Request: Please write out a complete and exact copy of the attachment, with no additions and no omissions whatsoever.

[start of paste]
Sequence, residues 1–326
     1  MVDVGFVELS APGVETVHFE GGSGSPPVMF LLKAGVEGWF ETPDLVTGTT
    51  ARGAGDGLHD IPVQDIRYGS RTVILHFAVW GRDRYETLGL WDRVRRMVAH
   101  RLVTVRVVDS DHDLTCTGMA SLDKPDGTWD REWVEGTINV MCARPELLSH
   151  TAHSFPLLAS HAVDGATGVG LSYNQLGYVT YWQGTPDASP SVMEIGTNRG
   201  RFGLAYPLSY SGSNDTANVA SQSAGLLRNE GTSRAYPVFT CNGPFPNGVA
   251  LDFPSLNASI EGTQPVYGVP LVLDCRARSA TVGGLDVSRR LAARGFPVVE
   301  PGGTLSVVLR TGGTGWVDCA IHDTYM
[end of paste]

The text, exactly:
Sequence, residues 1–326
     1  MVDVGFVELS APGVETVHFE GGSGSPPVMF LLKAGVEGWF ETPDLVTGTT
    51  ARGAGDGLHD IPVQDIRYGS RTVILHFAVW GRDRYETLGL WDRVRRMVAH
   101  RLVTVRVVDS DHDLTCTGMA SLDKPDGTWD REWVEGTINV MCARPELLSH
   151  TAHSFPLLAS HAVDGATGVG LSYNQLGYVT YWQGTPDASP SVMEIGTNRG
   201  RFGLAYPLSY SGSNDTANVA SQSAGLLRNE GTSRAYPVFT CNGPFPNGVA
   251  LDFPSLNASI EGTQPVYGVP LVLDCRARSA TVGGLDVSRR LAARGFPVVE
   301  PGGTLSVVLR TGGTGWVDCA IHDTYM